The Importance of Trust – Part 3: Organizational Trust

Organizational Trust

When my boss reneged on a promise, it was the catalyst for my departure from the company.

Here’s what happened: The telephone sales staff had worked for minimum wage for over five years. My department was profitable and it was time to compensate them fairly. I worked with the VP of finance for over a year to accomplish this well-deserved salary increase, which was approved by the Board of Directors and announced to the staff. On the day the checks were distributed, the raise was not included! When confronted, my boss stated that he had changed his mind and was not able to honor the raise.

Trust is the foundation of loyalty within an organization. It inspires engagement, collaboration and creativity. According to a survey taken in 2006 by Robert Hurley for his book, The Decision to Trust, over half of all managers don’t trust their leaders.

Why is trust within organizations so important? Because work environments characterized by low levels of trust tend to be stressful, threatening, divisive, unproductive and tense. On the contrary, high-trust environments are mutually supportive, motivating, energetic, productive, accountable, supportive and transparent. They even inspire fun!

Trust is the confident reliance on someone when you are in a position of vulnerability and is a critical ingredient if an organization is to thrive. Not surprisingly, the higher the stakes and the more people have to lose, the less likely they are to trust.

Here are key principles for how leaders demonstrate trustworthiness:

  • Aligning interests. Trustworthy leaders accomplish their goals by serving the interests of all the stakeholders. They must clarify and align stakeholder interests and demonstrate their commitment in a fair manner.
  • Demonstrating genuine concern for others. People trust leaders who show respect for the welfare of others and who do the right thing, even if it puts them at risk.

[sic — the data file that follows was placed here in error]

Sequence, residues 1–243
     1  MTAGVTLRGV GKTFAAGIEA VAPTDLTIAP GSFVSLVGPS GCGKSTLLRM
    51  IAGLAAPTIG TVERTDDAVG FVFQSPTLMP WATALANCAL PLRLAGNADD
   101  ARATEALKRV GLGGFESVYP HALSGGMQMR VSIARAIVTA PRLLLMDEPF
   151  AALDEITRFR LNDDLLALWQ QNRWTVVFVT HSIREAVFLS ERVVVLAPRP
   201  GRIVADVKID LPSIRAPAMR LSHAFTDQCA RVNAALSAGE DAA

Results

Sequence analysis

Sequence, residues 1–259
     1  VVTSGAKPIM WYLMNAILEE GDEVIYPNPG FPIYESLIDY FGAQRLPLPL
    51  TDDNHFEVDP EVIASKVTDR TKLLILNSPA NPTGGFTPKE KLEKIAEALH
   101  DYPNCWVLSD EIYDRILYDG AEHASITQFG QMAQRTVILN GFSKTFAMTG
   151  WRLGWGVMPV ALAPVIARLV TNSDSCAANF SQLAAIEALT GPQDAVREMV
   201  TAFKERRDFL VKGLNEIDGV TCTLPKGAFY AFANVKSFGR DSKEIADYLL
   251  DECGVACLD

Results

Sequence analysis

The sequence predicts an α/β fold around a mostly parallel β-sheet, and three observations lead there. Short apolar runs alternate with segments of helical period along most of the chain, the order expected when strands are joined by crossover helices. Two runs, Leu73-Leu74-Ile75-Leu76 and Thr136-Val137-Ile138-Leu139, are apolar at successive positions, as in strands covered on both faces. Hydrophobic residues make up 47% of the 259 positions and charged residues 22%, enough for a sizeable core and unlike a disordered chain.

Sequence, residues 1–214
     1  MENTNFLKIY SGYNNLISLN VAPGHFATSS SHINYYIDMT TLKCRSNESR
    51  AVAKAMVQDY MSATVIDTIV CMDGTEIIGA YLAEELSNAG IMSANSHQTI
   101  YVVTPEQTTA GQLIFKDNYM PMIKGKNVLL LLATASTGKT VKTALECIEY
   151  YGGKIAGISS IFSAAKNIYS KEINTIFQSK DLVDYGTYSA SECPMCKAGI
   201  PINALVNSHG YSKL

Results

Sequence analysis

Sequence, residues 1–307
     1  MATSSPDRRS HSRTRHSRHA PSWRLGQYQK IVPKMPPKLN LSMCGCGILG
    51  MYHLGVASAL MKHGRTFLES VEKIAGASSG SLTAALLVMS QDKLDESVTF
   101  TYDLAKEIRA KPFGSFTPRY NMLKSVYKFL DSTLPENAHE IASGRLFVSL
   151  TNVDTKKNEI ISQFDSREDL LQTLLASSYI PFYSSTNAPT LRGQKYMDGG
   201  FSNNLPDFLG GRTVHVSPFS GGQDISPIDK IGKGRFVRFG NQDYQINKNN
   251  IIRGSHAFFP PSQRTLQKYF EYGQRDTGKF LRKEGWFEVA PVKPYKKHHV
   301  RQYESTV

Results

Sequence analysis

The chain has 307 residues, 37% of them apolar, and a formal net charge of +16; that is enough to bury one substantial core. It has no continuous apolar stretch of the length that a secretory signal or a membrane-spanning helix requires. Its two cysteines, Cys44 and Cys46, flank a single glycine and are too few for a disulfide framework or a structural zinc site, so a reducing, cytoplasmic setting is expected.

• Keeping commitments. Trust is earned one action at a time. Good intentions, likability and ethical conduct don’t earn trust if leaders do not deliver reliably and competently on their promises.
  • Honoring one’s word. Consistency and honesty over time earn trust. A trustworthy leader will admit, apologize for and repair mistakes or trust that has been breached or compromised.
  • Communicating honestly and often. Frequent, clear and open communication is a means of delivering elements of trust, as is consistent and congruent behavior between words and actions.

The trust level within this organization was low, and this episode was the tipping point for me. Because I was excited and challenged by the work and I loved my staff, I learned how to work within the system to accomplish goals and create value. However, my loyalty to my boss and to the enterprise eroded each time trust was broken by misalignments and broken commitments.

I wanted to be part of something larger than myself, to contribute to making things better and to developing people. When leadership betrayed my trust regarding the raise for my employees and made no effort to repair the situation, it was then time for me to go.

I’d love to hear about what it’s like to work in your company.

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